Happiness is at the heart of the latest annual report of Brighton and Hove’s director of public health Tom Scanlon.
And Rottingdean looks like the place to be if you want a happy life. More than eight out of ten people living in the Rottingdean Coastal council ward who took part in a survey last year reported being happy.
In Brunswick and Adelaide the figure was nearer six out of ten and across Brighton and Hove it was just above seven out of ten, close to the national average.
Dr Scanlon’s report, Happiness – the Eternal Pursuit, with its echo of the United States Declaration of Independence, looks at sex and drugs and alcohol.
It also analyses the effects of smoking and physical activity on our happiness and touches on inequality, social inclusion and depression.
His deputy Peter Wilkinson gave a presentation about the report and its findings to the Brighton and Hove Strategic Partnership on Tuesday (25 June).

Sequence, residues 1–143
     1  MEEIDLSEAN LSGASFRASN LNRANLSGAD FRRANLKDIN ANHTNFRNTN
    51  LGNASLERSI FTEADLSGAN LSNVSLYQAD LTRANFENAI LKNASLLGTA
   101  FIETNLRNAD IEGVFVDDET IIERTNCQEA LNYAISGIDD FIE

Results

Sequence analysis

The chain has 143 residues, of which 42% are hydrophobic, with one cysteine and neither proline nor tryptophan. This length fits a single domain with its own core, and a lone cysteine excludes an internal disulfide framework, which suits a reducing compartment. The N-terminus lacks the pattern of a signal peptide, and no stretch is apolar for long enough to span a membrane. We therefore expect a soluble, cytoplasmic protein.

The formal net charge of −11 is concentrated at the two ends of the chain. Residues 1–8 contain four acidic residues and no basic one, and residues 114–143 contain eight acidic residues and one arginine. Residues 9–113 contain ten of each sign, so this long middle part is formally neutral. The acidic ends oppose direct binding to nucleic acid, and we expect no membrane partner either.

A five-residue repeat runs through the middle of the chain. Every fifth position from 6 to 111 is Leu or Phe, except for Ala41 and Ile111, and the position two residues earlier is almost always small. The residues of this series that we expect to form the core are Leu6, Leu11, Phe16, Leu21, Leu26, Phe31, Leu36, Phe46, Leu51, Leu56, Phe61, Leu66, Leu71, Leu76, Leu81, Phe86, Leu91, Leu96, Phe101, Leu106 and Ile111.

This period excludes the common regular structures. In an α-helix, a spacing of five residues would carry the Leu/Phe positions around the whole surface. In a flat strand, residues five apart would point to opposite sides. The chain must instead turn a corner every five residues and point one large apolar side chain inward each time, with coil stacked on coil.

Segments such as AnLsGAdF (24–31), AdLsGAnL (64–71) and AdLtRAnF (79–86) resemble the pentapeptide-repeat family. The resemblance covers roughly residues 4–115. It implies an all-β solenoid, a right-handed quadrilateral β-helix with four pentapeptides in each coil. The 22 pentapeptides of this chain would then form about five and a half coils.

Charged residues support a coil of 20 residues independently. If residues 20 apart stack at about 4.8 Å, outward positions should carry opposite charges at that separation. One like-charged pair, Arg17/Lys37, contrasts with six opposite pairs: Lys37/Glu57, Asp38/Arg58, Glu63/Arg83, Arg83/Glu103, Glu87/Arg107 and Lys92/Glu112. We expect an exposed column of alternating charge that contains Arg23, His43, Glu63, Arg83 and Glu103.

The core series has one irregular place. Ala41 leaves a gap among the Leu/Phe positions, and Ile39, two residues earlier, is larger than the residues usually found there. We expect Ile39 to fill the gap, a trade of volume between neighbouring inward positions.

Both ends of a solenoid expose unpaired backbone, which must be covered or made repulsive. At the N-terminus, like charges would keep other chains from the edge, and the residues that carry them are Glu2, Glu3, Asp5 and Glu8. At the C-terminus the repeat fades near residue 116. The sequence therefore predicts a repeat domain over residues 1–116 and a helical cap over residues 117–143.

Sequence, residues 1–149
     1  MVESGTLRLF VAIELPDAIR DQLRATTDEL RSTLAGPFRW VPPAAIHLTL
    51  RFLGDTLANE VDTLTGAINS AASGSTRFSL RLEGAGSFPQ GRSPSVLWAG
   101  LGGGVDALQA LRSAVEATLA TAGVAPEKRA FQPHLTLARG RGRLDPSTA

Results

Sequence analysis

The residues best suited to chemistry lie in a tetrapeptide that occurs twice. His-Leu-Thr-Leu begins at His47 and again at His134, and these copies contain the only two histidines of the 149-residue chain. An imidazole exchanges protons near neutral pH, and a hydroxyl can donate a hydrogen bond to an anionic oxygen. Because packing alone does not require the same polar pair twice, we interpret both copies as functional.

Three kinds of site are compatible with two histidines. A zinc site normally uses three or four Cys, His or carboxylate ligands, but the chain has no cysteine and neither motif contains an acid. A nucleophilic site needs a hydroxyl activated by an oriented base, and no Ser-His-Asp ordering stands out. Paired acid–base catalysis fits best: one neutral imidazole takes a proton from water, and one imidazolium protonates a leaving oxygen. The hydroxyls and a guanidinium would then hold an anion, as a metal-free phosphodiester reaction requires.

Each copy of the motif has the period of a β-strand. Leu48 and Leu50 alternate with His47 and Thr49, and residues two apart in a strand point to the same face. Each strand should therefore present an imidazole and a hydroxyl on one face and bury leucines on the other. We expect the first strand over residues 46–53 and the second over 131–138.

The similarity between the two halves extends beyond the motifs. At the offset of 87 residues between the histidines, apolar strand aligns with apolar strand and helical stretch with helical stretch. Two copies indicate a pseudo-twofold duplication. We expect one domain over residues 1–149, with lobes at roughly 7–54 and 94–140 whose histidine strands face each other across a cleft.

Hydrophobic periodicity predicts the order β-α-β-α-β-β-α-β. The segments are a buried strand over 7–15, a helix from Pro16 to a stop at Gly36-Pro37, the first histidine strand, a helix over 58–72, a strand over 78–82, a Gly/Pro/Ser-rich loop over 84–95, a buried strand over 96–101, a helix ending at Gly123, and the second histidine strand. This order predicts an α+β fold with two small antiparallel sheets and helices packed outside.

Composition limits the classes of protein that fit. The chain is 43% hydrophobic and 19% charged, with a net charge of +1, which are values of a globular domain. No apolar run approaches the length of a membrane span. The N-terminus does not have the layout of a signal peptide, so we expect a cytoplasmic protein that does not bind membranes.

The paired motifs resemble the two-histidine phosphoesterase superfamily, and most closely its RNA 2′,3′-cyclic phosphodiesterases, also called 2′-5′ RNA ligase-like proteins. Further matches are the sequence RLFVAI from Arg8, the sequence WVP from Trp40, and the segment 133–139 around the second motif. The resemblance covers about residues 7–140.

Unusually in a meeting of the great and the good in Brighton and Hove, Dr Wilkinson was warmly applauded after he finished.
His conclusions were
- Levels of wellbeing and happiness vary considerably across Brighton and Hove
- Drink, drugs, smoking and unsafe sex are all linked with lower levels of happiness
- Mental wellbeing is steady but certain previously unidentified groups were at greater risk
- Young children are drinking less but students are at risk as are some older people
- Well-off people are now as likely to drink too much as the poor
- Fewer people are dying after a drug overdose and drugs linked to clubbing have become more popular
- Obesity is increasingly linked to deprivation
- Gay men under 25 suffer the most sexual infections especially after drinking or taking drugs
- Policy-makers, the NHS and other public bodies could help improve people’s health by addressing their happiness and wellbeing
The full report can be read online here.
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